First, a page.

Despite the many controversies around Russia as the host of the 2018 FIFA World Cup, it has to be said this has been one of the most successful World Cups in decades. The tournament has provided non-stop entertainment, shock, joy and inspiration to audiences around the world. Across 64 enticing games, we have witnessed 169 goals, which almost touches the record of goals scored at a World cup of 171, in 1998 and 2014. While many nations followed their teams throughout the games some were unexpectedly unable to do this, such as Italy and The Netherlands, however having been in The Netherlands during part of the World Cup myself, I can say for sure that the excitement and football spirit still lived in the fans of those who did not qualify. This World Cup has also reminded the English that dreams of a second World Cup win are far from over and with a new manager and new young, thirsty players we can aspire for better football outcomes and less upsetting rides home after painful defeats.

Russia opened the tournament with a bang by beating Saudi Arabia 5-0 which gave all viewers a taste of what was to come in this World Cup. Despite Russia’s lack of a successful past in the World Cup, it’s fair to say that this year the likes of Cheryshev and Dzyuba were a force to be reckoned with on the pitch. Russia surprised many in this tournament with their success as well as other teams such as Sweden, and Croatia who reached the final for the first time ever. Germany also finished last in their group which shocked many, including me and my mates who were forced to waste buckets of data on our phones just to watch the historic moment in action in a park.

This year’s World Cup, as an England fan, was the most exciting and hopeful one in my lifetime. Each and every game provided hope for the English fans, including the thrilling 6-1 win against Panama and even the 1-0 defeat to Belgium, in the group stages, which me, my friends and many other drunken football hooligans were able to pass off as a ‘tactical loss’ and continue to bellow out England chants late into the night. England reached the semi-finals for the first time since 1990, with striker Harry Kane winning the golden boot after scoring 6 pivotal goals across England’s 7 games in the tournament. Despite the low morale after the crushing defeat to Croatia in the semis, I had to feel proud of England for coming so far with such a young team. Gareth Southgate did very well as the new manager and I would hope to see him continue in his role in future international tournaments.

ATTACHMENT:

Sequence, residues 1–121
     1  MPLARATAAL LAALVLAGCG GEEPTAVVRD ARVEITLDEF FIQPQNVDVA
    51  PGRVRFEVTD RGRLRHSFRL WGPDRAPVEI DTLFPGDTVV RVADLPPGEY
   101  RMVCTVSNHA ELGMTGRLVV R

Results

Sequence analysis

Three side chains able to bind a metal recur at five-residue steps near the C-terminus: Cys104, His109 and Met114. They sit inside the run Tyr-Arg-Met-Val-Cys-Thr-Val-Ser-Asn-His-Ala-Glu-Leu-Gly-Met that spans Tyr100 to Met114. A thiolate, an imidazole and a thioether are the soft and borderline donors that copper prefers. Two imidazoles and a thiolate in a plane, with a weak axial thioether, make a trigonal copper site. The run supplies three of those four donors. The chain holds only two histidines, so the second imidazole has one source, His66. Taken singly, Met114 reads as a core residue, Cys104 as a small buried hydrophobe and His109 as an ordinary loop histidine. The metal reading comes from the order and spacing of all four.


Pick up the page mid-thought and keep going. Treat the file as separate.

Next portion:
On the whole, this World Cup has not been without its action, drama or controversies. 9 winning goals were scored in the 90th minute or later with 4 being the previous record in a World Cup. The introduction of VAR caused many controversial referee decisions, which also added to the awarding of a record-breaking 29 penalties in the tournament, one being in the final itself. France has to be congratulated for their outstanding performance throughout the games in Russia and I think it’s safe to say they thoroughly deserved their second World Cup win, despite the disappointment that England failed to make it theirs. Kylian Mbappe shone in the games and has been described as ‘the next Ronaldo or Messi’ at the age of only 19.

This non-stop football excitement was pleasantly accompanied by consistent sunny weather and I can say for sure it has kicked off the holidays perfectly for me and my friends, after a long and demoralising line of exams.